The authors recommend adopting an ambitious but plausible near-term goal to slow global mean warming over the next 25 years by half. This involves reducing emissions of short-lived climate pollutants (SLCPs) like methane and black carbon by approximately 25% and 75%, respectively, by 2030, and eliminating high-warming hydrofluorocarbons (HFCs).

Short-lived climate pollutants are potent climate warmers but reducing their emissions can effectively reduce near-term warming as they are short lived in the atmosphere. Reducing these pollutants can also prevent millions of premature deaths from air pollution and improve crop yields.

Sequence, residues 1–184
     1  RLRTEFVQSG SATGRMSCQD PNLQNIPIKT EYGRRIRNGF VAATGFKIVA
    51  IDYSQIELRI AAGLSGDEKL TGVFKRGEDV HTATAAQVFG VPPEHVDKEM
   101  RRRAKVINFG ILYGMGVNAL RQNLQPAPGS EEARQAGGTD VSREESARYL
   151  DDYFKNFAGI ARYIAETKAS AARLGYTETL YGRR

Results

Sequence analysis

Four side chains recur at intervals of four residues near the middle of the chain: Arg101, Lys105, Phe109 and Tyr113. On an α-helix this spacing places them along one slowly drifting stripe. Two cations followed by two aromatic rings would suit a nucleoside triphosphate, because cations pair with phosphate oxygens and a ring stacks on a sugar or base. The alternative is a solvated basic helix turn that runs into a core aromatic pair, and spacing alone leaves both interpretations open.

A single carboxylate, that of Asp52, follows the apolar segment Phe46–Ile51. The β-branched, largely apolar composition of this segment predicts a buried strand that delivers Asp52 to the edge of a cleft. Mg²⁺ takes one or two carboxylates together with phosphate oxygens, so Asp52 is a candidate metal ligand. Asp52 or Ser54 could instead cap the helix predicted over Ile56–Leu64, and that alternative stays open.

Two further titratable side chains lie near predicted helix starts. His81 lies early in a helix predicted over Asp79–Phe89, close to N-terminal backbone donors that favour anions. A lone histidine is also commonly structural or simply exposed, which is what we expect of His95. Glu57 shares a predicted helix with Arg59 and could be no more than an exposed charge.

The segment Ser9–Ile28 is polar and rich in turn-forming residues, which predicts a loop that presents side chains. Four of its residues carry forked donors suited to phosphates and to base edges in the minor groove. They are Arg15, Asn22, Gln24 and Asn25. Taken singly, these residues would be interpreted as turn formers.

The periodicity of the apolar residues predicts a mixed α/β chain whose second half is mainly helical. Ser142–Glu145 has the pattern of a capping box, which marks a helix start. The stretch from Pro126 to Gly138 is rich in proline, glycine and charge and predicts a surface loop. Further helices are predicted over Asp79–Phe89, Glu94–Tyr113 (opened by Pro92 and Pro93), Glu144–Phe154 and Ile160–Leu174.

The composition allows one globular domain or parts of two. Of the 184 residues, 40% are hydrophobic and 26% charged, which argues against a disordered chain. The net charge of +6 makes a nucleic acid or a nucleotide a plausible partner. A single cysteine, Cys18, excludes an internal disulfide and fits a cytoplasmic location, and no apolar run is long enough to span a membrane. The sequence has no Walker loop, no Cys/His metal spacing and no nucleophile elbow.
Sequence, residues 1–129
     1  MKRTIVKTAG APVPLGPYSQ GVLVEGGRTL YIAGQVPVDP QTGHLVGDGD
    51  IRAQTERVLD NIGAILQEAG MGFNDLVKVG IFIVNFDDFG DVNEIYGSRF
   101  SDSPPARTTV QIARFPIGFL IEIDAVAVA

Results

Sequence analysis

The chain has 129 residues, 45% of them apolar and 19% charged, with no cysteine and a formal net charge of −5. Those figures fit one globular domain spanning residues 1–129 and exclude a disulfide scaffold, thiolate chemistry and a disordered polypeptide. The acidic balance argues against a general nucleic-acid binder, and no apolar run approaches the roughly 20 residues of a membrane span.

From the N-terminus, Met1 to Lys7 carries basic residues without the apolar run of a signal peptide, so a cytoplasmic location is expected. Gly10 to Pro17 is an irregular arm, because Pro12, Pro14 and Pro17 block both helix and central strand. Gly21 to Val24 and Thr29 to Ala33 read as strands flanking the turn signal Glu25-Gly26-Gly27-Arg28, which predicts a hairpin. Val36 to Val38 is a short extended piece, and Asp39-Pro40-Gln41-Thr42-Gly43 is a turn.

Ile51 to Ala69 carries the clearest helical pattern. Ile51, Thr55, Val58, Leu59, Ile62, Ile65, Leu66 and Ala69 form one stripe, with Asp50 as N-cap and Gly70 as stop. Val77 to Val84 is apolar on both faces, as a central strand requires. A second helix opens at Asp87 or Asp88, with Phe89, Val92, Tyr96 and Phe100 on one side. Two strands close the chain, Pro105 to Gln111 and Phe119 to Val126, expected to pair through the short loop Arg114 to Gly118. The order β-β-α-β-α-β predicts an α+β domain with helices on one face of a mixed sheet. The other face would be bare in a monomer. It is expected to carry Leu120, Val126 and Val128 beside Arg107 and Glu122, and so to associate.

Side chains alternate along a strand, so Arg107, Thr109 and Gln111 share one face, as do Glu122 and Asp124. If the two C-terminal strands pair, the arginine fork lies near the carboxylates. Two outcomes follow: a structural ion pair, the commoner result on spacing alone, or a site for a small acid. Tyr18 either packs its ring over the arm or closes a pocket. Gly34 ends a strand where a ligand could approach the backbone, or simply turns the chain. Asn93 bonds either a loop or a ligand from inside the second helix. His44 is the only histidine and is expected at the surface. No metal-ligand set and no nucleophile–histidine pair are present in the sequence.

If avoiding long-term peak warming was the sole objective of global climate action then actions to reduce short-lived climate pollutants could be implemented once carbon dioxide (CO2) emissions had peaked with only a modest temperature penalty. However the multiple benefits that can be gained from avoiding rapid warming in the first half of this century necessitates consideration of a near-term climate goal.

Read the article in Science (external link to journal, registration required)